"It's going to be huge for us," said Collins. "Looking at how the team has transitioned, we're more of a speed-oriented team and we're going to be able to play small ball. We're going to be able to get base hits, hit behind runners, and do the small things that will win."
Speaking of ‘small' things, with no pun intended Collins provided another characteristic of the 2011 ballclub. A scan of the roster points out how the average Diamond Dog is a size or so less than preceding squads. It's as if the team was left in the dryer too long and came out shrunken to size for how Cohen believes the game is to be best played at Dudy Noble Field now.
Collins (6-1, 195) certainly sees the changes.
"Just kind of looking back on it, when I came in as a freshman I was one of the smaller guys on the team; we had guys like Andy Rice and Jeff Flagg, and Russ Sneed was our shortstop. I've kind of transitioned from being average-sized to now I'm actually one of the bigger guys! We're definitely not going to be one of the biggest teams in the SEC but we're going to be better-suited for our field and talents."
Collins has proven his outfielding talents the past three seasons and can expect to take more turns out in that pasture this spring as well. But if veteran Brent Brownlee can stay healthy, and freshman C.T. Bradford lives up to sky-high expectations, well, add in wide-ranging senior centerfielder Jaron Shepherd and that area of the defense is stacked. Speedy, too. Include Collins and you have the makings of a real relay team here.
"We had some really good speed in the outfield last year," Collins said. "And you look at it this year, I think we're going to be faster. I know if I'm playing first base and we have C.T, Jaron, and Brent, those three guys are faster than I am! We will have one of the fastest and most athletic outfields in the country, I don't see many balls falling our outfield. Guys are going to run them down."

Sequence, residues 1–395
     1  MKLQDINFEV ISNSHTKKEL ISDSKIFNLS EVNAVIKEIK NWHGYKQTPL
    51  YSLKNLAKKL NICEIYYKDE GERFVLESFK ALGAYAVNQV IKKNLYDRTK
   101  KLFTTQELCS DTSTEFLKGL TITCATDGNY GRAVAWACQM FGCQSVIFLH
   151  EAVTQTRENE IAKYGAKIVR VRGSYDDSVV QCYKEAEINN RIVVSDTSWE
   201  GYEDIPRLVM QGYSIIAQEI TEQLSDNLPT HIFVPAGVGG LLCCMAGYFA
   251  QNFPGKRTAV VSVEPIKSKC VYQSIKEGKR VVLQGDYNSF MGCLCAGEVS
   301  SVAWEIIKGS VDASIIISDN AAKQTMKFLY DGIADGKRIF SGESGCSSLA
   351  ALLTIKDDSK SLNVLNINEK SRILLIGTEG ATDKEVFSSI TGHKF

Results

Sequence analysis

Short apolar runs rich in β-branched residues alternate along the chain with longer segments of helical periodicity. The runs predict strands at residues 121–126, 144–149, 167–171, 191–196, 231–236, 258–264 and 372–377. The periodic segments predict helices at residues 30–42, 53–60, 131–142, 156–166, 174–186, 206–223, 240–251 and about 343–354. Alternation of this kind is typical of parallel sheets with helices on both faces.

Run down balls, run the bases, just run period is Collins' forecast for 2011. "Now we've got a lot of team speed, pretty much everywhere besides maybe catcher." Which Freeman and Wes Thigpen presumably take no offense at; somebody has to set the other end of the speed curve after all. Otherwise, "Everybody has better than average speed and it's going to help us. We don't have guys like Russ and Connor that are going to hit 10, 15 home runs. But I think everybody is going to be able to hit the gaps and get the extra base when we need to." Or, want to.
One item everybody involved openly wants for Mississippi State is just to win again. It's been a grind for Collins and Freeman, the only fourth-year seniors left on the roster, as they went through the 2008 regime change and have tried to get the program on a better pace since. There's a fair number of juniors who also have known little but frustration at Dudy Noble Field. These are the players their coach means most when he talks about a team that deserves to win and to reach postseason play.
Interestingly though, even the older Dogs seem to have a fresh outlook this season. Maybe it is all the sophs and frosh on the roster and their new energy. Perhaps it is the feeling that a lot of things are falling into place. And of course there is always the attitude that hard work will be rewarded eventually…and as Collins notes, "You can ask anybody that has been around our program the last couple of years, we've outworked everybody."
Now it's time for all the long labors to combine with the influx of new talent and make it count on the scoreboard and record. Collins is as optimistic as anyone, maybe more so.
"I think everybody is excited. Just being out there and seeing what we've got on the field; the amount of talent we have and the freshmen that have come in and the talent they have. Especially for us older guys you can see it, you've been around and can realize wow, we have the talent this year and the ability to go make the SEC Tournament, to make a regional, and to make a run at it. That's the most exciting part right there."